uncertainties of synchronization.
 The parameter list sent to the active participant is the Telnet
 parameter indicates to the recipient that it is to send RFCs to the
 socket pair denoted by <NEWHOST><NEWSOCKET1-4>. The initiator again
 waits for a reply. The legal replies are:
   1) Telnet sequence <IAC><WONT><RECONNECT>
      Meaning: Process will not complete the reconnection (e.g., it
      couldn't parse the parameter string).
      Possible action of initiator: Attempt to re-establish
      communication with the passive participant by sending RFCs for
      the sockets on which the passive participant is listening. This
      will succeed if the listener is willing to accept connections
      from either the host/socket specified by the reconnect
      parameters or the host/socket of the former connection. If it is
      successful in reestablishing the connection, the initiator could
      send the Telnet sequence <IAC><DONT><RECONNECT> to confirm that
      reconnection has been aborted.
   2) Telnet sequence <IAC><SE>
      Meaning: Positive confirmation of the reconnection
      subnegotiation. The active participant indicates with this reply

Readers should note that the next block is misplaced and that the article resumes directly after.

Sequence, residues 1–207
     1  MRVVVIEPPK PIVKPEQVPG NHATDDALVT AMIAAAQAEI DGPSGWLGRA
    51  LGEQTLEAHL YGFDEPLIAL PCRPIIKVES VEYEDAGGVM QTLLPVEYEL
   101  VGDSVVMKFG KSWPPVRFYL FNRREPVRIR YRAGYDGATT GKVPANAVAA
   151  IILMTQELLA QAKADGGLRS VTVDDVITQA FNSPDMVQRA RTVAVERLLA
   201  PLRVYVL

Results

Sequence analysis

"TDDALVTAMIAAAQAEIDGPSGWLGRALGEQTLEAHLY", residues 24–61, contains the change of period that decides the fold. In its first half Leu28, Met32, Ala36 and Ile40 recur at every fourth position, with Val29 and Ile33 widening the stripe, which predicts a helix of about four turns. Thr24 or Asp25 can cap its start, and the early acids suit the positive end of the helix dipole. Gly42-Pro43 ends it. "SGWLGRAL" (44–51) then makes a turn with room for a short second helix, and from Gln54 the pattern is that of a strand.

that it will close the connections to the initiator and send the
      necessary RFCs to connect to the passive participant. The
      initiator may close the connections to the active participant,
      thereby removing itself from the communication path between the
      objects of the reconnection.

Schantz [Page 3] RFC 671 A Note on Reconnection Protocol December 1974


 The default for this option is as for most other Telnet options: DONT
 and WONT. An initiator uses the <DONT><RECONNECT> Telnet sequence to
 return to the default state, while a participant uses
 <WONT><RECONNECT> to maintain or return to the default state. The
 reconnection state is only a transient one.  When accepted by all
 parties, the reconnection state lasts only until the reconnection is
 completed. Upon completion, and without further interaction among the
 parties, the state of the new connection is the default state, with
 the negotiated reconnection forgotten.
 Since reconnection is an option concerning the entire Telnet
 connection, the asynchronous nature of the option processing
 mechanism exemplified by many other Telnet options (e.g., echo), is
 not applicable. That is, a race condition occurs when two
 <IAC><DO><RECONNECT> requests cross each other in the network. A
 solution to this problem was presented in RFC 426; the following is a
 modified version of that protocol extension. The modification is
 concerned mainly with preserving the right of a process to deny a
 reconnection attempt by another process, while having its own
 reconnection request pending.